But he said the ESOP's greatest advantage is that it motivates employees to make a bigger commitment to their investment each day. "You find yourself on the salesfloor hearing people saying they have an idea to save thousands of dollars. People who never had a comment about the business before instantly have a different mindset," he said.

Another advantage is that the ESOP really helped Mast General understand the culture of the business, its employees and customers. "You think you have a culture, but you really learn about it when you have to share your focus with everyone on staff," said Martin.

He did warn that a company should do an ESOP only if the business is dedicated to growth. "If stock value doesn't grow and employee/owners don't see advancement, they become discouraged," he said.

Know your mayor!
Jeff Weidman told the Rendezvous crowd that one of his friends who had owned a business since 1960s almost lost it because he almost lost his real estate. "He told me you have to be in line with the city," said Weidman. But Weidman was not only disengaged from local government -- he didn't even know the mayor's name. But he looked it up, and invited the mayor to tour Rutabaga. And that move would pay off big-time.

Weidman said that prior to the tour the mayor had no idea what Rutabga did, but the tour really impressed him. After that, Weidman attended city council meetings and became more familiar with the city government. "Fast forward, and the store's property owner is incarcerated," said Weidman. (In 2005, former Rutabaga owner Gordy Sussman was sentenced to13 years in prison for sexual assault and possession of child pornography.) "When he was incarcerated, the property went into a trust, and the property immediately went to the highest bidder who was a developer," said Weidman.

He said he went to a city meeting and saw a plan that showed three high rises on the Rutabaga property. "I went to the mayor and said there was no way we could compete (with the developer's offer). We're done; we're outta here.

"The mayor said, 'No, you're not done,' and then told the developer, 'By the way, you're not going to bid on the Rutabaga property.' The developer said, 'Why not?' The mayor said, 'Because I won't approve your build.' " The Mayor encouraged the developer and Rutabaga to work out some sort of agreement, but the developer walked out. "So, being in line with the city is absolutely imperative," said Weidman. "Whether you own your property or not, those people are in control. "

Inventory management is key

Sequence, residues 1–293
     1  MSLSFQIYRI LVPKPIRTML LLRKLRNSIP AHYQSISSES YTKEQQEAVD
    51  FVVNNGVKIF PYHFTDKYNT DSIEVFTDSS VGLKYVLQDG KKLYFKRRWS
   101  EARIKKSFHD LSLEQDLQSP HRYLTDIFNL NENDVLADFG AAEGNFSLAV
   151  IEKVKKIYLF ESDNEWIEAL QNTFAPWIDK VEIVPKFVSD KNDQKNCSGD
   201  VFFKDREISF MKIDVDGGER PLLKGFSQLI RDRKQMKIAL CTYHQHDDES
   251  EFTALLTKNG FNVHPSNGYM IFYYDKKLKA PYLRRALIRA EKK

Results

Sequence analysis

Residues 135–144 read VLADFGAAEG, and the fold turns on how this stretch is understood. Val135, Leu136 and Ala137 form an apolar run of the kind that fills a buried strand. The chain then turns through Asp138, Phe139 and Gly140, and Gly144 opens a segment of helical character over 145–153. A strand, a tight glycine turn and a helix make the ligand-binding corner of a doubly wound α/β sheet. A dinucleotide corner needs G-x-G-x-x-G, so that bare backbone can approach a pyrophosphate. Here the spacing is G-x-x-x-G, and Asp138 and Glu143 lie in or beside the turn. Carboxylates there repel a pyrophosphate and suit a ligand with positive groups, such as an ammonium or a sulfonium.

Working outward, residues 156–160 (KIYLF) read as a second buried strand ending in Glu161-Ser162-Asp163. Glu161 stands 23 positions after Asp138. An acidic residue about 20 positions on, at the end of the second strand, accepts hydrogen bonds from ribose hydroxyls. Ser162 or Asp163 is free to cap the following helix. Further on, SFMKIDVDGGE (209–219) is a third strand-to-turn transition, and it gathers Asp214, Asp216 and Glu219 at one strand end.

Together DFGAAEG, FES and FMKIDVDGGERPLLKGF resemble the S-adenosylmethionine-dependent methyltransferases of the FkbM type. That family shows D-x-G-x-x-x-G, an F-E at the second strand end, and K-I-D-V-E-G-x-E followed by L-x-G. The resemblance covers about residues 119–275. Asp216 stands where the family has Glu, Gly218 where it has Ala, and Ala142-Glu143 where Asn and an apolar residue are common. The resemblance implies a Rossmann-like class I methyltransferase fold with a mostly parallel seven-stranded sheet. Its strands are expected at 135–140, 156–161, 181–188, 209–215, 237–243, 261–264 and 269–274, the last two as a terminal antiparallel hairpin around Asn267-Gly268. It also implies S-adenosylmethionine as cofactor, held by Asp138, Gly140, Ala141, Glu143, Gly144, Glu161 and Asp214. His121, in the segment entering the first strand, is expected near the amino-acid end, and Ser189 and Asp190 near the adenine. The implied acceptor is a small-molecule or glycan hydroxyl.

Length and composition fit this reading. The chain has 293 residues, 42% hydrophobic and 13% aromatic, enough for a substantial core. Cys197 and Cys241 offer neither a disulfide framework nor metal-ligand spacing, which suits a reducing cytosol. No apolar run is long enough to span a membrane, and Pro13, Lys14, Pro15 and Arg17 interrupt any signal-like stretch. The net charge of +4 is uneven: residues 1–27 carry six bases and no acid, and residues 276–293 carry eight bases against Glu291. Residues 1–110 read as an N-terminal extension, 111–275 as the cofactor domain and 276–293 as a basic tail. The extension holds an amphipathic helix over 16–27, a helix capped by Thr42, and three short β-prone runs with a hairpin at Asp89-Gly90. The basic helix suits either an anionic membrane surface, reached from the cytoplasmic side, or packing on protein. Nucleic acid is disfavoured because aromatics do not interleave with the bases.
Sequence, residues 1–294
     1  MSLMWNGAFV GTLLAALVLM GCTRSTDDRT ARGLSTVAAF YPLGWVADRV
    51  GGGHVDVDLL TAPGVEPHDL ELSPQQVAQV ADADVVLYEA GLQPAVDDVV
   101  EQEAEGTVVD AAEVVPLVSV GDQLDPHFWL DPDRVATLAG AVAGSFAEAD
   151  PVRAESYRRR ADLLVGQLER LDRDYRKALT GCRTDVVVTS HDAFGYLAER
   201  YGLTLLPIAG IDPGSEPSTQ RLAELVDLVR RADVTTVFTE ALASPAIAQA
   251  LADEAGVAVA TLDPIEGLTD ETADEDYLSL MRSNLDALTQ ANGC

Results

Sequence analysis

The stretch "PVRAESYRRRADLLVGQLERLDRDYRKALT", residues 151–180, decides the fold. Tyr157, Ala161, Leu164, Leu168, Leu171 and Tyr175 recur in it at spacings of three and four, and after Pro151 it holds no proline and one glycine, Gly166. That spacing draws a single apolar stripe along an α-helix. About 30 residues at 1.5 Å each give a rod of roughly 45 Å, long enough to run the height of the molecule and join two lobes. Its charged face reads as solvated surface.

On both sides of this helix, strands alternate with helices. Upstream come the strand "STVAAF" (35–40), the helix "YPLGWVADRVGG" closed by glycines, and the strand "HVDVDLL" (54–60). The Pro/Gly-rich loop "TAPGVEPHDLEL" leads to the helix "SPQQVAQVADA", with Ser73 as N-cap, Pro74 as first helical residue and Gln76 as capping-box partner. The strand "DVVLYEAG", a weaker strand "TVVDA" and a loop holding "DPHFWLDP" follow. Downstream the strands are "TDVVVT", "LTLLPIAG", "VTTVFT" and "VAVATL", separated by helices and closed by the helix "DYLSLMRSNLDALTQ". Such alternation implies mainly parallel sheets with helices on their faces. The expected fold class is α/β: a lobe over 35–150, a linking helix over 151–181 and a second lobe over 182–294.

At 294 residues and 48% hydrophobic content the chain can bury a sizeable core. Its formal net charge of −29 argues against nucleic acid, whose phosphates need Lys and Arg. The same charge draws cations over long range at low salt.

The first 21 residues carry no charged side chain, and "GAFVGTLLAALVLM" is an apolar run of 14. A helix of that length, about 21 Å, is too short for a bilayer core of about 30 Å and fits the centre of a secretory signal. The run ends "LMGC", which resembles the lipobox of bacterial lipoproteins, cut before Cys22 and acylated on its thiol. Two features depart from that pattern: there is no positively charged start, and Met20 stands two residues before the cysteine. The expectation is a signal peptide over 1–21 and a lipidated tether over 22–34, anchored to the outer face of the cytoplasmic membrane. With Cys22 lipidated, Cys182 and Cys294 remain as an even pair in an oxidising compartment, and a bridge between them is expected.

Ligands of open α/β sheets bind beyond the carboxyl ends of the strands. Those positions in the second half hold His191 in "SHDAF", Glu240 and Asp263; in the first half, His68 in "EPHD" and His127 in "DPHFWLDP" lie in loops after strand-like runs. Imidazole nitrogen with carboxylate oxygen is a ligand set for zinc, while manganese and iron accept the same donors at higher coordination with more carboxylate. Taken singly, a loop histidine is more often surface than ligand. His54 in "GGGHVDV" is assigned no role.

Hyer said that in 2002/2003, he started realizing that Alpine Experience couldn't sustain its level of inventory with the sales it was generating. So, he started to educate himself more on inventory management, and since then he has cut inventory by more than a third. "That has been huge for our profitability," he said. "Inventory control is the single biggest thing an independent retailer needs to watch, and something I just didn't clue into until we had an experience with a mild winter. "

Martin said that Mast General has staff members who focus on systems to better manage inventory. "It sounds real simple, but we were never profitable until we looked at turnover of items," Martin said. "Tom Valone (owner of Great Outdoor Provision Co.) once told me that he'd had a lot of buyers who were good at selecting product, but he wasn't profitable until he could find people who could manage inventory after it arrived. We put a lot of focus on transitional goods between seasons and keeping goods fresh and in stock."

As for Rutabaga, Weidman said, "One of the most valuable things we ever did was put in a state-of-the-art POS system." He added that one of the company's most valuable assets is its ongoing count of inventory. "We don't shut down two times a year to count everything," said Weidman. "We have automated more than 50 percent of our vendors. We have a group that decides what we're buying -- we set the re-order point with the rep, and then push the button every Monday. I know a lot people would say, 'Well, what if they can't deliver?' Well, then we don't do business with them. I'm not going to finance their problems.

"In the case of rack systems that are SKU-intensive, we lowered the inventory 25 percent and sales are up 12 percent. I would trade margin for turns any day of the week. I just want to have the right stuff in the right place at the right time."